The U.S. Department of Defense (DoD) is expanding its contract with California-based eVTOL developer Joby, establishing a new partnership between the company and the Marine Corps.
Joby has been under contract with the U.S. Air Force’s Agility Prime program since late 2020, when the company’s unnamed four-seat aircraft prototype became the first eVTOL to receive military airworthiness approval, clearing the way for its use in transporting military personnel and cargo.
Under its new partnership with the Marine Corps, Joby will explore non-combat use cases for its eVTOL aircraft, including cargo resupply missions, emergency medical response applications and relocation of personnel. The expansion, which the company announced on August 10, increases the contract’s potential value by more than $45 million, bringing the total value of the contract to $75 million.
“This extension provides valuable support for our ongoing development efforts and allows our partners to see first-hand the potential for this aircraft in their future concept of operations,” said Joby CEO and founder JoeBen Bevirt.
The air force launched the Agility Prime program in April 2020 to accelerate the development of eVTOL technologies through public-private partnerships. Joby is one of 19 eVTOL companies participating in Agility Prime’s so-called “Air Race to Certification.” Other participants include Beta Technologies, Elroy Air, and Sabrewing Aircraft.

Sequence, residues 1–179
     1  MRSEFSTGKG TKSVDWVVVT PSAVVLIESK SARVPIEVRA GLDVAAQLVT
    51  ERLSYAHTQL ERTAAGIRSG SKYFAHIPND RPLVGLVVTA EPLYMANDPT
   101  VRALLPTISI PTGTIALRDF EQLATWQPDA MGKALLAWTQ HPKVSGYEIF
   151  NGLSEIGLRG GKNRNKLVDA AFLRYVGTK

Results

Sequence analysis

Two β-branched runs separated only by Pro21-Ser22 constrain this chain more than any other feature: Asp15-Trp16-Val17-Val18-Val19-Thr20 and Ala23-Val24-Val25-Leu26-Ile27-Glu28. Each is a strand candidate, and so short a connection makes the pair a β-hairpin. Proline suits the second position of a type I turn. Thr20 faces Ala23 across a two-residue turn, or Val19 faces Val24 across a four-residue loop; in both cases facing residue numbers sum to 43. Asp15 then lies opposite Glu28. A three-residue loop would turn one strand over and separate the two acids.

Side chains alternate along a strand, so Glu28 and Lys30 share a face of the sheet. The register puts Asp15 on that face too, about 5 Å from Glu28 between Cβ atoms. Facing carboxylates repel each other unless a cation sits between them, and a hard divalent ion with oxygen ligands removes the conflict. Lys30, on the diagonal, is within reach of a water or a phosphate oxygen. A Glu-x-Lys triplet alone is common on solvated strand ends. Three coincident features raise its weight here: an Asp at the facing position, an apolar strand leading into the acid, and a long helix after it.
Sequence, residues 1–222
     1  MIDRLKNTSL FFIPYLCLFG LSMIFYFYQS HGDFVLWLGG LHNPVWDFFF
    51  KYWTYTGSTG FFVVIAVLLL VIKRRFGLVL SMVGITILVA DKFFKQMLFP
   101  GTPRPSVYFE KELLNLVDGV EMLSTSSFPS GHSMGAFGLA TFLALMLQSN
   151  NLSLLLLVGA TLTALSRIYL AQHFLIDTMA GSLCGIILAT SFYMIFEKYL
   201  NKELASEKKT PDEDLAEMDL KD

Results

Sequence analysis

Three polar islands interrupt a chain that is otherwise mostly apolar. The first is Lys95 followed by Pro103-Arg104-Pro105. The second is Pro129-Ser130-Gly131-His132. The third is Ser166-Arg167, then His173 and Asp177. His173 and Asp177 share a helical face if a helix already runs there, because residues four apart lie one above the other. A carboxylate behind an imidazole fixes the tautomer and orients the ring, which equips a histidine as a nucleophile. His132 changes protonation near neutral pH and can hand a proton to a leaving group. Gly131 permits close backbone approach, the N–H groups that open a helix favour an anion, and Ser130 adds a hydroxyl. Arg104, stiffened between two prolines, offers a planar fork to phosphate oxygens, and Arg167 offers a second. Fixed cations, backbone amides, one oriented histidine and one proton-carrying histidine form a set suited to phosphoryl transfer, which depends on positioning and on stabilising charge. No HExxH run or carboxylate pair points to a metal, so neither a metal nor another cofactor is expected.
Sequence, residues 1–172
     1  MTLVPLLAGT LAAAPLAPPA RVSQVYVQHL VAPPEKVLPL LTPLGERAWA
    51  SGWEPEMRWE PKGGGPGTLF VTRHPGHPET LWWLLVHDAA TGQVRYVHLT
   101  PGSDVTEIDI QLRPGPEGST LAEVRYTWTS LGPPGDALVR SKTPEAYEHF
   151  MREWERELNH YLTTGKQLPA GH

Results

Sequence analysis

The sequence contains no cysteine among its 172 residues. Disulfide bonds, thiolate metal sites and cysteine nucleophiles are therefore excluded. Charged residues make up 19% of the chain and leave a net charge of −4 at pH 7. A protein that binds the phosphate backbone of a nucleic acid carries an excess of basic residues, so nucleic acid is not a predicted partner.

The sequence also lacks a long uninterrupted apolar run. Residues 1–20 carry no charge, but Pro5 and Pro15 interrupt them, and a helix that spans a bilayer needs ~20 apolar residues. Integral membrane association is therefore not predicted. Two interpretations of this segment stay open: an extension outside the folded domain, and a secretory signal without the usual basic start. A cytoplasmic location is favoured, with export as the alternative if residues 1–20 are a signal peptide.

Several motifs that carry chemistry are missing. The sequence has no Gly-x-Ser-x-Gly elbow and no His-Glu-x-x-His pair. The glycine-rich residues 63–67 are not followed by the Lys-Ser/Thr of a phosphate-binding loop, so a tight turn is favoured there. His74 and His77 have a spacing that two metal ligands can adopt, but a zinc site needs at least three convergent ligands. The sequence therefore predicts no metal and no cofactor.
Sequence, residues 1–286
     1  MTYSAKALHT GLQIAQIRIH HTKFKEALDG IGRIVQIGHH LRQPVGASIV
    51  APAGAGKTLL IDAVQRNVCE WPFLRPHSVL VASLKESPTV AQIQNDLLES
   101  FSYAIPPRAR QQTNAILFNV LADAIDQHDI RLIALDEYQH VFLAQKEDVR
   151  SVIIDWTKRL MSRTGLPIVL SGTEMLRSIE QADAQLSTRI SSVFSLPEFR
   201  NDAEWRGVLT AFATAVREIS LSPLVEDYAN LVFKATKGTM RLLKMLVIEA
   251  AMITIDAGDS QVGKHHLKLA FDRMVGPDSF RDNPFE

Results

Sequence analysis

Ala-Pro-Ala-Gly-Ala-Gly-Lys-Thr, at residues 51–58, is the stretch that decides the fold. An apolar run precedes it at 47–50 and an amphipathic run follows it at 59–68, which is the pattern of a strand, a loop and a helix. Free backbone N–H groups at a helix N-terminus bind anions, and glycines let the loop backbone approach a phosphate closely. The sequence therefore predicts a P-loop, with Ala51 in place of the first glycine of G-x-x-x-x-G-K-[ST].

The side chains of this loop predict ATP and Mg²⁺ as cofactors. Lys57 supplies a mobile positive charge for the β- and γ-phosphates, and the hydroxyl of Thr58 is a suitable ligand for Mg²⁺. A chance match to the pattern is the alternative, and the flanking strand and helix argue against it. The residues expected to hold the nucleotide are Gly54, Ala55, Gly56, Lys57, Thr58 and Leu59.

Although Joby did not disclose exactly how much cash it has received from the Agility Prime program so far, the company reported in February 2021 that it had begun generating revenue under the contract.
Joby says its work with the DoD will help to bolster its plans to launch its commercial air taxi service by providing the company with early operational experience with government partners and access to testing facilities, and the investment will help to offset research and development costs.
Since it began flight testing its first prototype in 2019, Joby has completed more than 1,000 flight tests. Its production model will be designed to carry four passengers and one pilot across distances of up to 150 miles (240 kilometers), traveling at a maximum speed of 200 mph (320 km/h). The company aims to have its air taxis type certified to enter into commercial service by 2024.